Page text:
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CRUNCHING COLLEGE COSTS

Keep state university within reach

February 12, 2009
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THE PARENTS of college-bound students in Massachusetts may believe they can afford higher education through the University of Massachusetts system. But the university's board of trustees are expected to vote today on whether to increase student fees by roughly $1,500 per undergraduate per semester. How many Massachusetts families would be priced out of UMass, already one of the most expensive public university systems in the nation?

At the Amherst campus, while the administration screams about deficits, they invest millions on high-end dorms and recreation centers. While they preach about access for "needy" students, they seek to attract out-of-state students who pay the highest tuition and fees, reducing access for Massachusetts students. They are cutting faculty and teaching assistantships, which will increase class size and decrease quality. Many families of UMass students can expect to pay more and get less.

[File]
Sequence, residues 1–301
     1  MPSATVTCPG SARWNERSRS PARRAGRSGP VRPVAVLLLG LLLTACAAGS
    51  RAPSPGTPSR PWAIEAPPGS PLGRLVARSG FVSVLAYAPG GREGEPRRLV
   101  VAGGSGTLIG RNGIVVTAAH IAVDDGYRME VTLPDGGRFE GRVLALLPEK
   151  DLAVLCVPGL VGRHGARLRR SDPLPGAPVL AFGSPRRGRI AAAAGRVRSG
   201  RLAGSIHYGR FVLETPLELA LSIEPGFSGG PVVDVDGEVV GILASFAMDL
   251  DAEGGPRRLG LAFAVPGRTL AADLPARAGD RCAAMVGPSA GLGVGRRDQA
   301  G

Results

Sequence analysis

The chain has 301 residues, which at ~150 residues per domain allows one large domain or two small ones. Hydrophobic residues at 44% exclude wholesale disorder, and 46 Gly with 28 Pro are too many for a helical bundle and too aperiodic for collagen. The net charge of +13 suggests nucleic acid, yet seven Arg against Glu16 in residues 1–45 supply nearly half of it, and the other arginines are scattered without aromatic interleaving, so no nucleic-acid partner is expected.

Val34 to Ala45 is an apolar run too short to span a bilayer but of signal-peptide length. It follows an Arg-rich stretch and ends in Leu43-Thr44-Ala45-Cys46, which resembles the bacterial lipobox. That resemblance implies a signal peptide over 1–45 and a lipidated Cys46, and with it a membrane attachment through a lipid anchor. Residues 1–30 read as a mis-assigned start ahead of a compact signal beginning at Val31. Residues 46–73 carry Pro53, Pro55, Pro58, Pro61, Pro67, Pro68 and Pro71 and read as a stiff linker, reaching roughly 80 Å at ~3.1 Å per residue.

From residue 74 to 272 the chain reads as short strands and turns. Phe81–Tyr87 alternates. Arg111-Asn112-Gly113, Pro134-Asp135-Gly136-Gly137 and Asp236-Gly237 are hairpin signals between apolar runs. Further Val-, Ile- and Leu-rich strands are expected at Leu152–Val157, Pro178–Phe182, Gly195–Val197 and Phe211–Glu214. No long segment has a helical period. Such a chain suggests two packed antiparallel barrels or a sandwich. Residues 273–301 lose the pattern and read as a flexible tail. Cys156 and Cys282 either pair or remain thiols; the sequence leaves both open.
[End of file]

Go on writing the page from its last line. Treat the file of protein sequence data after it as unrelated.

UMass should be accessible to everyone. Governor Martin O'Malley of Maryland has announced a budget freezing tuition for higher education, even in the face of a $2 billion deficit. Governor Patrick and the Legislature should be leading the nation by investing in higher education, even in these hard times.

Robin McLean
Shutesbury
The writer is a graduate student at UMass-Amherst.

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